Rather than the mindless yet charming read I was expecting, this novel was surprisingly thought-provoking, especially its passages about loss, love, and grief. Some parts are a bit flowery for me, some unrealistic, but the emotions rang true and I was moved to tears a few times. In the end, it's a traditional hero’s journey tale. The protagonist, a charming and insightful bookshop owner, must travel around France in order to find out what sort of man he wants to be and learn how to live freely and open himself to others. Would it be too cheesy to say that I am on such a journey of my own?
Verdict: loved it
A God in Ruins by Kate Atkinson
Atkinson’s Life After Life continues to haunt me, so I had to read this book, which features a few of the same characters. Somehow A God in Ruins feels as though it shares a theme with my trip through Laos, as the main character, Teddy, recounts his experiences as a flight bomber during World War II. While I’m learning about the American bombings of Laos, his tales from the the bomber's perspective, and Atkinson's musings on the senselessness of war/life/death are moving. I keep going between this one and The Universe Unraveling (below), and it’s an interesting contrast. A God in Ruins is a bit slow at times; however, Atkinson’s style and insight into human thoughts make it worthwhile. I haven't finished yet but I intend to.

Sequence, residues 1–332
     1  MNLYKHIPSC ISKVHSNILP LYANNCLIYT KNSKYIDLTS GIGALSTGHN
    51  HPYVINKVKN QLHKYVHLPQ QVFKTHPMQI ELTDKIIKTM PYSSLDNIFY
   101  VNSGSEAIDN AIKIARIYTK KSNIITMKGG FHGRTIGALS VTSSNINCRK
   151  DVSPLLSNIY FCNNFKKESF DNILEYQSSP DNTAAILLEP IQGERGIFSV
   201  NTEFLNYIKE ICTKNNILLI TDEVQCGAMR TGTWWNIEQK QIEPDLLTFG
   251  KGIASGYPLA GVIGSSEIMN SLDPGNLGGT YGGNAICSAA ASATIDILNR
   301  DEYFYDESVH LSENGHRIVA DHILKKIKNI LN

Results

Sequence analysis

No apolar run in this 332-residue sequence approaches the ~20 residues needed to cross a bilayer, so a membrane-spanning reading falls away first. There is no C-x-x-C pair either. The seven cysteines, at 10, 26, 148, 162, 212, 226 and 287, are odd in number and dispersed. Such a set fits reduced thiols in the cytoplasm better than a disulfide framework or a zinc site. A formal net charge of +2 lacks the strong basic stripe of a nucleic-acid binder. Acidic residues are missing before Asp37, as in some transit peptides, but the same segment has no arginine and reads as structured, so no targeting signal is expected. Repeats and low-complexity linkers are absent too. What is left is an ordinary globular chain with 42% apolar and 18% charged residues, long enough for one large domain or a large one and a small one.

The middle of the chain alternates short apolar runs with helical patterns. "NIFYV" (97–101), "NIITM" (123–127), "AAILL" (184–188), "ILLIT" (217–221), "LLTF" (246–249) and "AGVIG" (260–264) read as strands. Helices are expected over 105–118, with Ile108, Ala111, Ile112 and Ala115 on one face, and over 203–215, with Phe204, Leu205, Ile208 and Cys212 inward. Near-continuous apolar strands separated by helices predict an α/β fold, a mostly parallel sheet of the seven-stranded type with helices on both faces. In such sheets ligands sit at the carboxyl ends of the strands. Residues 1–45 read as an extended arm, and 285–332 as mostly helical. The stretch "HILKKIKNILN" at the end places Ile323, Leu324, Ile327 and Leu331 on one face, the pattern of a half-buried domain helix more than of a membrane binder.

Verdict: only halfway through; will have to wait and see
The Universe Unraveling: American Foreign Policy in Cold War Laos by Seth Jacobs
After arriving in Laos and hearing about the bombs dropped on this country by the Americans in the 1960s, I wanted to learn more. This seemed to be one of the better, most neutral books I could find on Kindle. I’m only 15% of the way through, but so far, it’s packed full of facts and seems to be informative and fair. I think it will take me a while to finish (if I do), but I’m happy to learn what I can about Laos' history.
Verdict: too soon to say
Any recommendations for books I should read while traveling? My next stop is Vietnam. Beach reads, historical tomes, and foodie lit are all welcome!